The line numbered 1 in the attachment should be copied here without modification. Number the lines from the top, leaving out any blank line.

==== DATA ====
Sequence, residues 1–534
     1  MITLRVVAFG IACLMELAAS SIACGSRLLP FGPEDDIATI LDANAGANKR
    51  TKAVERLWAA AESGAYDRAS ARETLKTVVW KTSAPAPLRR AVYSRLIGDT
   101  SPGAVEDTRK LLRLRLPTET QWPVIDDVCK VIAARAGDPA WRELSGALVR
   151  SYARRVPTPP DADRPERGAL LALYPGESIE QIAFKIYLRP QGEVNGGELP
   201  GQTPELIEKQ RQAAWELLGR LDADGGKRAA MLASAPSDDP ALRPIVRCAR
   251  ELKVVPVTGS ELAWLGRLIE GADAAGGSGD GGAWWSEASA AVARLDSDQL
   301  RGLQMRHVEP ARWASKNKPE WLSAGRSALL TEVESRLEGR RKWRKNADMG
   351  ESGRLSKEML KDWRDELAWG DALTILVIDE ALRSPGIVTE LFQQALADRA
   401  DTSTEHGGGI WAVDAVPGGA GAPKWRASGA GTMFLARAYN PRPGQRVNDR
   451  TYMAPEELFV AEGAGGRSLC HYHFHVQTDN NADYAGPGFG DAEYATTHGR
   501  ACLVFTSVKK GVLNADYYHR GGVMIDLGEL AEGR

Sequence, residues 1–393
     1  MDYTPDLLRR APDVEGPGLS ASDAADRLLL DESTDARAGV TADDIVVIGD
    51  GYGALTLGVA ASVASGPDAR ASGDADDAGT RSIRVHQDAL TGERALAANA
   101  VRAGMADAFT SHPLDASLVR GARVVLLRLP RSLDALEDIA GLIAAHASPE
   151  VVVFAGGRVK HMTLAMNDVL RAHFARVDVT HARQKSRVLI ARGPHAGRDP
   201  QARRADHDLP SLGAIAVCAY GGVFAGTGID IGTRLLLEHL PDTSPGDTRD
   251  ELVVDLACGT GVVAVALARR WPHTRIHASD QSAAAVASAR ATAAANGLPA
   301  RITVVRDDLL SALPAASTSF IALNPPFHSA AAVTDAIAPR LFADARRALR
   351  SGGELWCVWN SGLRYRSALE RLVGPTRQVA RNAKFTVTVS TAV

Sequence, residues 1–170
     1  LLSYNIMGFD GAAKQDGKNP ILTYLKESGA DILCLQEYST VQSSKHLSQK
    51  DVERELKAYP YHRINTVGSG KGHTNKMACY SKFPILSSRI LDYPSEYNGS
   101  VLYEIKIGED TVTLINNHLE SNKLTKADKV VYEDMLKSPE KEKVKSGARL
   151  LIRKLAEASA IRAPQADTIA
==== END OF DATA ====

Sequence, residues 1–534